In the US, the minimum drinking age policy was passed in 1984, July 17 that was aimed at passing the minimum age to purchase and possess alcoholic beverages to 21. The minimum drinking age was empowered Federal Aid Highway Act that was aimed to lower the annual federal highway allocation by 10% to any state that had a minimum drinking age below 21 years. The minimum drinking age has become a controversial topic among the policy makers and other stakeholders in the US economy. After considering the both sides of the coin, some policy makers in some states banned the legal drinking age for those below the age of 21 while others have not banned it. In addition, this essay addresses, the history of legal drinking age, pros and cons, and why it is a controversial topic.
Among the states that have support the minimum drinking age are Alabama, Vermont, North Carolina, Idaho, Indiana, Pennsylvania, Kansas, and Washington D.C. that means that this law is a state law with majority of the US state legalizing the underage drinking. In some states, the Minimum Drinking Act is applicable in some locations while private consumption is allowed in other locations where this act is banned. More so, this law does not criminalize alcoholic drinking during religious (Wagenaar & Toomey, 2002).
In reference to the history of this policy, it is imperative to not that before 1984, the states were allowed by the federal government to choose their minimum drinking age. It is after 1933 when states appealed against the federal government when the states were allowed to make their policies on the minimum drinking age. After the 1933 repeal of prohibition, most states set the minimum purchasing of alcoholic beverage age to be 21 years while a few had set a lower drinking age limit.
These limits remained up to 1970s after which 30 states lowered their drinking age to 18 years. This was triggered by the fact that the 26th amendment lowered the voting age to 18 from 21 and it is only 12 states who maintained their drinking age. Between 1976 and 1983, some states raised their drinking age to 19 while a few raised it to 20 and 21. The major reason for increasing the minimum drinking age was to control death resulting from drunk driving. In 1982, a commission was set up be President Reagan to research on the issues of drunk driving in US. This commission recommended that a minimum drinking limit of 21 should be implemented among all the states. This recommendation of influenced by Candy Lightner’s Mothers against Drunk Driving organization (O'Donnell, 1985). That resulted to Frank Lautenberg, the senator of New Jersey drafting the 1984 National Minimum Drinking Age Act that resulted by 50 states complying to the Act by 1988. However, Virgin Islands and Puerto Rico, and later in 2010 Guan maintained their drinking age limit at the age of 18 despite losing the highway funding (The US Federal Government, 2006).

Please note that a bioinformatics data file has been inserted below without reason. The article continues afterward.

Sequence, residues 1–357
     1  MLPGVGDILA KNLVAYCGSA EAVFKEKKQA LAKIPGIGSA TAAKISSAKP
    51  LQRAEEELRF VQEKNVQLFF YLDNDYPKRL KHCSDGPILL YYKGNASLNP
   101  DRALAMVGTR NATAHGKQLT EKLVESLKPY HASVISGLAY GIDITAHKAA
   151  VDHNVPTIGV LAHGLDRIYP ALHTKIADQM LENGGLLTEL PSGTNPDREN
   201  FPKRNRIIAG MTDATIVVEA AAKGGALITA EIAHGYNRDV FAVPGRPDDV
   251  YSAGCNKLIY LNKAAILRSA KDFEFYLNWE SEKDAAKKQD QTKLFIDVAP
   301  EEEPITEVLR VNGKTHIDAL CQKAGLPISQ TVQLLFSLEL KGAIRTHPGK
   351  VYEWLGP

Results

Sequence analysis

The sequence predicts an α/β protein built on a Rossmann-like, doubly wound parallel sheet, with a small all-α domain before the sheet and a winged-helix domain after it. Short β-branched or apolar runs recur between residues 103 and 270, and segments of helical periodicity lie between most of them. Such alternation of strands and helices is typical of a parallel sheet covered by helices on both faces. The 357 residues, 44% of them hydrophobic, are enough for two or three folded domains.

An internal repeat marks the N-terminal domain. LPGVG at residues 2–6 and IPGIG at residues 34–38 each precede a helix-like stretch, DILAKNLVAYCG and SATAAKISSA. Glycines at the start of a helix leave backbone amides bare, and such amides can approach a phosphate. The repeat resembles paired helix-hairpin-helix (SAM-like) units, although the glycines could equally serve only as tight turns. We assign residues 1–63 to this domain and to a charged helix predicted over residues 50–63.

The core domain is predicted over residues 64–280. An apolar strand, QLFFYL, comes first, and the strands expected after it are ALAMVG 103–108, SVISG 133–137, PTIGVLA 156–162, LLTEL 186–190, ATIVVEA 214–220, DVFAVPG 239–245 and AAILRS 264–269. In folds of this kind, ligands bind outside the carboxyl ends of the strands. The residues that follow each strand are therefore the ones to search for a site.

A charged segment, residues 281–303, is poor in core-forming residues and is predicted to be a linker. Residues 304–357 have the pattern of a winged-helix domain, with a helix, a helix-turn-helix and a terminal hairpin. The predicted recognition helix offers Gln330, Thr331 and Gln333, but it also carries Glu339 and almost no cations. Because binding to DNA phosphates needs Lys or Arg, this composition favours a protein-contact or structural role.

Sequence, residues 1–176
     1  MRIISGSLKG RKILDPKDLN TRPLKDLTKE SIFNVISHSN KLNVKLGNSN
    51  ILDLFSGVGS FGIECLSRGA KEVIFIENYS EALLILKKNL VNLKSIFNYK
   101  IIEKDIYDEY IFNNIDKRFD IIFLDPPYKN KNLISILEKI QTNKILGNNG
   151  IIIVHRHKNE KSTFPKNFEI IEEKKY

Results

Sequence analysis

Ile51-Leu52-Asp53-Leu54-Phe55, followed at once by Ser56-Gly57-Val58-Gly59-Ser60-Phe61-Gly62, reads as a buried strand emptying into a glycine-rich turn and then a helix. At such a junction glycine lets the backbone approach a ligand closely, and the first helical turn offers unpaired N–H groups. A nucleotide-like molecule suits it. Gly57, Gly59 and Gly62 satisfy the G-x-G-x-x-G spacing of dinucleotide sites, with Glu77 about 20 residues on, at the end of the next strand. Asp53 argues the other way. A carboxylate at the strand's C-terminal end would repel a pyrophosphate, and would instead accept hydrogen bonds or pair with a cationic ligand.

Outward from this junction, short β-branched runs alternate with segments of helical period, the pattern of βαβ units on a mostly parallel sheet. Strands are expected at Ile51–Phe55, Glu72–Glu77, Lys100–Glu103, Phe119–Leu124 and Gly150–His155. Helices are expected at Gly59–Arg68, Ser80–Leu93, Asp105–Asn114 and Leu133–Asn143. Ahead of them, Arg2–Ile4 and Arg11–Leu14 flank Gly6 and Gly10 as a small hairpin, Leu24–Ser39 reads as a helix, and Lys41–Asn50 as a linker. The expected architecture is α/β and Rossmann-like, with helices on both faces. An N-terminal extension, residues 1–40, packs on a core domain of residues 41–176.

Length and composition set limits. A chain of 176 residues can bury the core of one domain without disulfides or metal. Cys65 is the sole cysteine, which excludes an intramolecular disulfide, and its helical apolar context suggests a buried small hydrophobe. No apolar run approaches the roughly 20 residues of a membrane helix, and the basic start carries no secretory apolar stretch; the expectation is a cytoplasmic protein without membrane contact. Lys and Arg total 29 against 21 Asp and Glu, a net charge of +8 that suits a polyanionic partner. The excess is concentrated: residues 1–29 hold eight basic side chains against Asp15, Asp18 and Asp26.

Despite the well good intention for the legislators to control the drinking age and hence reduce the cases of fatal accidents, there others who have continued to advocate the banning of the National Minimum Drinking Age Act. This based on a research carried out whose results displayed that those aged lower than 21 years are likely to engage in binge drinking with or without the enactment of the drinking limit policy. In 2001, Felix Ortiz, the New York State Assembly proposed a bill to lower the minimum drinking limit since it was a difficult to implement the Act and Act seemed unfair (Lovett, 2006). There other initiatives that include National Youth Rights Association of 1998 that was aimed at lowering the drinking age to 18. More so, John McCardel, the President of Vermont Middlebury College proposed, “the 21-year-old drinking age is bad social policy and terrible law” that has made the college drinking a major problem (Mosher & Akins, 2007, p. 21).
The1984 National Minimum Drinking Age Act was intended for the good of the United States since there are many problems attributed to underage drinking. The policy makers should consider other policies that will control the effect of underage drinking and adult drinking since the adults are also part of the drinking problem. Despite the controversies existing about the policy, the US federal government should develop a policy to ensure that the minimum drinking age limit is effective in order to save the US youth who are expected to be the future leaders.
Lovett, Kenneth. (2006). Let Kids Start Drinking At 18: Brooklyn Pol. The New York Post, May 1, 2006.
Mosher, C. J. & Akins, S (2007) Drugs and drug policy: the control of consciousness alteration. California: the University of California
O'Donnell, M. A. (1985). Research on drinking locations of alcohol-impaired drivers: Implications for prevention policies. J Public Health Policy. pp 510-525.
The US Federal Government (2000, October 13) TITLE 23, U.S.C.—HIGHWAYS. Retrieved on 11 August 2012, from http://epw.senate.gov/title23.pdf
Wagenaar, A.C. & Toomey, T.L. (2002). Effects of Minimum Drinking Age Laws: Review and Analyses of the Literature from 1960to 2000, Journal of Studies on Alcohol, Supplement. 14, pp. 206-225.